Tuesday, 30 August 2016

Greek Christening

I was invited to visit a friend of mine and his family to Thessaloniki few years back, and while there his wife's relative got their child christened.

photo depositphotos.com

Where I come from, from Finland, christening happens in few months, if not weeks after the birth, because we don't give names to the babies in the hospital, and it's a kind of well kept secret too. So, in order to name them we need to christen babies or register in case of atheism, pretty soon.

But in Greece children can get christened at any age. In this particular case the child was 1 year old. In most of the countries new borns get some name parents need to register to the town hall, and the christening in the church then follows. If follows. 

I was surprised of the quantity of the family members and friends they had invited to the church, since in Finland most people do the christening sort of privately at home with just close family and few friends. Also in Italy the christening is something among close family. 

I remember that I found it all extremely hilarious there in Greece, because the whole procedure took huge amount of time; like 2h and every one in the church did what ever they pleased; mostly talked. I played games. LOL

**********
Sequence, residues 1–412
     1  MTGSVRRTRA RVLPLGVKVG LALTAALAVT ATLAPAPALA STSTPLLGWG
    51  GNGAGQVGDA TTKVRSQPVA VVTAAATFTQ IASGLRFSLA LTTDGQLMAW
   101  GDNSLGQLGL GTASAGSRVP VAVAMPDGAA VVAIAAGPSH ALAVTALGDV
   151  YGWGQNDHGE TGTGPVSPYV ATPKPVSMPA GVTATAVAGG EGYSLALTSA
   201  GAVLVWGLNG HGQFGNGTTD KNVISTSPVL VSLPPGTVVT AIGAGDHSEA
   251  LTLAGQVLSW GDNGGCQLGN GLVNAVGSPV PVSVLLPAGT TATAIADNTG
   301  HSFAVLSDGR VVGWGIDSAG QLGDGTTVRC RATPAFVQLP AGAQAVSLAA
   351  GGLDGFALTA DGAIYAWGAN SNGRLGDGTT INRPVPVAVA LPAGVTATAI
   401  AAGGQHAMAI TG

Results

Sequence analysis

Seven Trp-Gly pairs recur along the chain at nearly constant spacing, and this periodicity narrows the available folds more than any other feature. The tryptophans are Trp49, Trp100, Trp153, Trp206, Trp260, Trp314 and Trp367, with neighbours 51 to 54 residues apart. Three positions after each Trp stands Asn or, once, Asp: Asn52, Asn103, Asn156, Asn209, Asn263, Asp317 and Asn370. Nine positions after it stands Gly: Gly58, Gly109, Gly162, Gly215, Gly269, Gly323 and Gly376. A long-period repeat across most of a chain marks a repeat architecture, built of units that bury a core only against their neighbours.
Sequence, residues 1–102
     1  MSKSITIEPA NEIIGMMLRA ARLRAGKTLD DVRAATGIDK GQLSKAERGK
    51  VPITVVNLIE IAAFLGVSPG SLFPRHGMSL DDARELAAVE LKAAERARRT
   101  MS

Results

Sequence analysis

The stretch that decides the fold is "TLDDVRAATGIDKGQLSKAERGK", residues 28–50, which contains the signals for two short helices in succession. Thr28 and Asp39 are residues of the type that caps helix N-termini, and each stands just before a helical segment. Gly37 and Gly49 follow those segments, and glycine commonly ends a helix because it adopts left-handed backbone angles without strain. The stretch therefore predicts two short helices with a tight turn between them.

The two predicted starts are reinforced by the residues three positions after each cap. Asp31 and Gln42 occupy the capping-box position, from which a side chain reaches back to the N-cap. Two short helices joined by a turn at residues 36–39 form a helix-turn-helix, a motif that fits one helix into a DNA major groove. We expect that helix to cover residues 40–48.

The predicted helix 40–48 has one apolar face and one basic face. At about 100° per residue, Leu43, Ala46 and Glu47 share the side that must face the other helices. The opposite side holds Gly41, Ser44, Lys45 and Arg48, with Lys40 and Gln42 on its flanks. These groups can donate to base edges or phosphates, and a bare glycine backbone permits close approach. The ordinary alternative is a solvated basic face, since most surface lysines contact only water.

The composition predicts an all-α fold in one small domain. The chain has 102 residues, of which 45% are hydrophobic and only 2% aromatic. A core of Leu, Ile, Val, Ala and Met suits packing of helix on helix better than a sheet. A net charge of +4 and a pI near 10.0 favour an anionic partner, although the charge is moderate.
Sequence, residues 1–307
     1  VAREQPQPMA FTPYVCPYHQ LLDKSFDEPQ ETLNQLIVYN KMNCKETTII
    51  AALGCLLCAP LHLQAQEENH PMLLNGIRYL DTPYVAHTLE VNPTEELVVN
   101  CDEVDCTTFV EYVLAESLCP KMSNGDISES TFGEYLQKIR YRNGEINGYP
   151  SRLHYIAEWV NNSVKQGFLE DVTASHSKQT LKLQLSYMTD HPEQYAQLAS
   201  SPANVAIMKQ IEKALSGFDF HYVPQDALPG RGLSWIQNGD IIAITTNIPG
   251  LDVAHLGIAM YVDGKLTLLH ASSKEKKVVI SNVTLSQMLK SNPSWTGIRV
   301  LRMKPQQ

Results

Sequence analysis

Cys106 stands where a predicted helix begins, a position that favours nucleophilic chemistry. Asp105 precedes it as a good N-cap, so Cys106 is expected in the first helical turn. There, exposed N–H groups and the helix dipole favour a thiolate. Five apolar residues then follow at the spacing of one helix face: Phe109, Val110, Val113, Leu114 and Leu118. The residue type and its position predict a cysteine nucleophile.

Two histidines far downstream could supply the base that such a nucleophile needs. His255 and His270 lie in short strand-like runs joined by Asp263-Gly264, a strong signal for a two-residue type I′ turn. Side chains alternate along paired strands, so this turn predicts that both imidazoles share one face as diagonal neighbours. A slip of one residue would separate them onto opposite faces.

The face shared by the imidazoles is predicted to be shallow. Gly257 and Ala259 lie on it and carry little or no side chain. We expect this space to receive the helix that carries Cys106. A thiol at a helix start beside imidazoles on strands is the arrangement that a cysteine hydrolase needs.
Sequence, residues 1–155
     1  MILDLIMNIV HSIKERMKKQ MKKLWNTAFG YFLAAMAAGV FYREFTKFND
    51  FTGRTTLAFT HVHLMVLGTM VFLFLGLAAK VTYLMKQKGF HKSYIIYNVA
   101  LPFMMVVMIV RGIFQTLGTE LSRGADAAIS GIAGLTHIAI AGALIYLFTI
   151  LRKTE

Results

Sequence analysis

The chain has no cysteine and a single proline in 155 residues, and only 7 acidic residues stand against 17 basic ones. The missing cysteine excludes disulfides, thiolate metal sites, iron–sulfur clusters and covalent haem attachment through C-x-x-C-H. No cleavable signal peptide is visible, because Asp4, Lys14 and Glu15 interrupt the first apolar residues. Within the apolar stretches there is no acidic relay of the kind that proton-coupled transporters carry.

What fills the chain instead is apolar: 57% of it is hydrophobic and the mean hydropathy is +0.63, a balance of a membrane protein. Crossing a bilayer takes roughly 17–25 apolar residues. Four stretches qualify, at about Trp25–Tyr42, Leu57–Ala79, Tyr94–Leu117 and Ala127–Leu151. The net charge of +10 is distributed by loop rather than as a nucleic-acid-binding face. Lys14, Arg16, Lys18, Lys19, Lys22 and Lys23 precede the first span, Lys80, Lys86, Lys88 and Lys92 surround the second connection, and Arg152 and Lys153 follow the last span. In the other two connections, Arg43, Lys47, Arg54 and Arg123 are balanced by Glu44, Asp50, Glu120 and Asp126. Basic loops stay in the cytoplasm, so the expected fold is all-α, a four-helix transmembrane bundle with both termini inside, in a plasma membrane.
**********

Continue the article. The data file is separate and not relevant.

The priest had to ask these people get quiete several times, and I couldn't stop mentioning that comparing to them Italians are pretty disciplined. 

And this ain't all: that baby actually had a "full bath" in a bowl. With the help of both parents and the priest the child got undressed and then put in the bowl followed with all religious liturgy. It seemed to last for ages. 
photo www.blessedcelebration.com
In some cases the kids walk to have a "bath" on their own, but that was not the case of the relative of my friend's family.  
photo arollingcrone.blogspot.com

After the long ceremony, perhaps due to my new shoes I bought as a souvenir, the family in question shared something they also do in Italy: sugar covered amandels packed in a gift box or similar. 
photo by author
photo www.evivadesign.com

We were then invited for greek meze that stands for appetiser. For me it was a completely fullfilling meal. It lasted nearly 3 hours and we also got to celebrate the babies' 1st birthday. 

It was truly amazing to see women in 5 generation. The person I thought was a grandmother of that christened child was actually the grandmother of the mother, and she had her mother with her.

It was one of the nicest thing my friend's family could have done to me, by inviting me there.

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